It seems poignant almost that the house of Patou should launch a new interpretation of JOY in 2014, whilst the world is in the midst (and hopefully at the back end of) a global financial crisis. This new version of Patou’s classic is entitled ‘JOY FOREVER‘ and is described by the house as being a “stunning floral perfume that unveils a new chapter in continuing story of JOY“. Created by perfumer Thomas Fontaine for “today’s discerning woman”, JOY FOREVER is a more translucent, radiant and vibrant take on one of perfumery’s most iconic and timeless perfumes.

“Her mother may have worn JOY for its sheer luxury but she will choose JOY FOREVER for its natural quality and scent. She lives for the moment….she lives for today!”

JOY FOREVER joins the likes of Chanel’s Nº5 Eau Première and Guerlain’s Shalimar Parfum Initial as entry level fragrances for those that aren’t quite ready to commit to the classics. Perhaps the most surprising thing about it is the fact that, whilst it doesn’t smell anywhere near as heady, intense or timeless as the original JOY, it does look back to the past, not quite as far back as 1930 mind you, but instead it looks to the aldehydic florals of the 1980s, from which it takes more than a few olfactory cues.

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Old School Whimsy – Penhaligon’s & Meadham Kirchhoff Tralala Perfume Review

Old School Whimsy - Tralala by Penhaligon's, Meadham Kirchhoff & Bertrand Duchaufour

Old School Whimsy – Tralala by Penhaligon’s, Meadham Kirchhoff & Bertrand Duchaufour

Old-school British brand Penhaligon’s has seen a positive renaissance over the last few years. In 2009 they appeared to make a conscious decision to move away from their more staid roots and played to their more risqué side with Bertrand Duchaufour’s masterful Amaranthine – a perfume that was created to smell like the inside of a woman’s thigh (oh my, I’m blushing), and have since set themselves a trend of creating old school perfumes with modern and quirky twists.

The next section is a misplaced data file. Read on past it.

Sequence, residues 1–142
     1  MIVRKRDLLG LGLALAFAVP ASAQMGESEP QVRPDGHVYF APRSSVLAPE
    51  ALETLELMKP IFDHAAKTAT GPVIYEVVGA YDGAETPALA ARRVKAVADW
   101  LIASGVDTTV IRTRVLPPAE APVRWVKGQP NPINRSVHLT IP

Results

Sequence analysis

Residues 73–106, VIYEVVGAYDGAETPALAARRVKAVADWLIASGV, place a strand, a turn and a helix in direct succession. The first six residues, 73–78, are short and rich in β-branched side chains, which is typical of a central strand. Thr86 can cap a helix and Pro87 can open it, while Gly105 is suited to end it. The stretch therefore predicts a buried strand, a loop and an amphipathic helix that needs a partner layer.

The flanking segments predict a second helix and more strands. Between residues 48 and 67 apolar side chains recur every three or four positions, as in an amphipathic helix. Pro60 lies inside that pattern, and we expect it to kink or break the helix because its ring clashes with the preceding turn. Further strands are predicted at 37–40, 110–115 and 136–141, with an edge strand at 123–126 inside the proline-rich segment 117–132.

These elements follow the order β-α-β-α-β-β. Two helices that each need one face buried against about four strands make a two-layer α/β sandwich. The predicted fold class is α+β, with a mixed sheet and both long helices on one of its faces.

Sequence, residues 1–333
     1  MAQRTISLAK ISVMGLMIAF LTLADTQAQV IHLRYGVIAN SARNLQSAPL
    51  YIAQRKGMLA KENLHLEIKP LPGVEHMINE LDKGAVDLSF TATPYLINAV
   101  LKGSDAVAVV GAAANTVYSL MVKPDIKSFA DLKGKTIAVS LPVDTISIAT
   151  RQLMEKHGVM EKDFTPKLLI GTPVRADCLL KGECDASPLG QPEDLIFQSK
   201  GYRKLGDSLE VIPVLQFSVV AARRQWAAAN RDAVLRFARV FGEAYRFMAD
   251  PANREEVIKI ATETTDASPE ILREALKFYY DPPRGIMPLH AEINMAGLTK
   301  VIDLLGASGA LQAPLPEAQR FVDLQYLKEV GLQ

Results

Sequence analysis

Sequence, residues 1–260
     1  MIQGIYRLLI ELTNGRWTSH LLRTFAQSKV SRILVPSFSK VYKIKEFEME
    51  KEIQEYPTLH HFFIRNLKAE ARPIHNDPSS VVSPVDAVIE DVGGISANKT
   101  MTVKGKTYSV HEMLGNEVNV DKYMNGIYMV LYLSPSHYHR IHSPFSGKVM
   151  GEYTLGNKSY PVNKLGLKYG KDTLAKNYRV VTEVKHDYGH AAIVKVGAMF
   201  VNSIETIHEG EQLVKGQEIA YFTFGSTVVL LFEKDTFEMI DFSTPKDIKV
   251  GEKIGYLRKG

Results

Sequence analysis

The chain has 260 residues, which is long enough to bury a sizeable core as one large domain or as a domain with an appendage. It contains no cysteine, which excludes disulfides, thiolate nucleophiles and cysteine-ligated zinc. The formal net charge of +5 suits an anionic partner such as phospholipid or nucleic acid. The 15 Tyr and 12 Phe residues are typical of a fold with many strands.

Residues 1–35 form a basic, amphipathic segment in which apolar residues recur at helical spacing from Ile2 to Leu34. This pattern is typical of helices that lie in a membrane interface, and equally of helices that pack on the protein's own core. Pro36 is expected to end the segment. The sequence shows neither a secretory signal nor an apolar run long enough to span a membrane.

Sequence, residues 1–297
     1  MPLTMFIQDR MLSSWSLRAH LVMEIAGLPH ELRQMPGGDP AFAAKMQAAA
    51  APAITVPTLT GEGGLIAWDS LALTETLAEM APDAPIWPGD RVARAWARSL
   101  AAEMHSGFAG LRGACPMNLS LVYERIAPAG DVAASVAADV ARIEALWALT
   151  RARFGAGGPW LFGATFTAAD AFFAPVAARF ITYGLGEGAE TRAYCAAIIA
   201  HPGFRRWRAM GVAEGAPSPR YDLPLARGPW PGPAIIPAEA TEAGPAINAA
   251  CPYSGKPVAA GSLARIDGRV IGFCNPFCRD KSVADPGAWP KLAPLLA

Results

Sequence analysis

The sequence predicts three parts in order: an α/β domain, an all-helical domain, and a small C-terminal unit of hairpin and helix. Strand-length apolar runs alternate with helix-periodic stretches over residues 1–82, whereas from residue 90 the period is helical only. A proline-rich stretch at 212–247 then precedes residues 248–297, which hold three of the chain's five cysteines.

Thankfully this is a trend that they seem to be continuing and for 2014, Britain’s most idiosyncratic perfume house is teaming up with the equally unconventional fashion brand, Meadham Kirchhoff, to create perhaps their most whimsical fragrance to date. The result of this collaboration is a fragrance penned by super-perfumer Bertrand Duchaufour (the man also responsible for AmaranthineVaaraSartorial and Orange Blossom) and bestowed with the infectious name ‘Tralala‘.

Launching next week, Tralala is described by Penhaligon’s as being a “beguiling and addictive piece of counter culture couture” and all one needs for proof of this claim is a quick look at the wonderful bottle with it’s clown head and ridiculously huge signature Penhaligon’s bow. The scent itself, is billed as “an opulent, hedonistic blend” that “evokes the interplay of glamour and retrospection favoured by Meadham Kirchhoff”. Having spent quite some time sniffing this new creation, I can wholeheartedly confirm that it does do exactly what it ‘says on the tin’.

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New Escentual Post: Cartier La Panthère Perfume Review

New from Cartier - 'La Panthère'

New from Cartier – ‘La Panthère’

It would be fair to say that I’m not a massive fan of Cartier’s perfumes. Don’t get me wrong, I don’t dislike them by any means but none of the ones that I have tried have blown me away or sent me reaching for my wallet. Enter Cartier’s latest feminine fragrance ‘La Panthère‘ – a perfume that has been created as a feline and feral take on gardenia that pays homage to the brand’s mascot.

Whilst La Panthère is a bit too modern and clean to be classified as an animalic in a way that would be pleasing to perfume lovers, I must admit that I really enjoy its more abstract take on the gardenia flower and it calls to mind the bright sunlight of fragrances such as Elie Saab Le Parfum and Amyris Femme. To read my full review of Cartier’s latest scent, please click here to head on over to Escentual.com.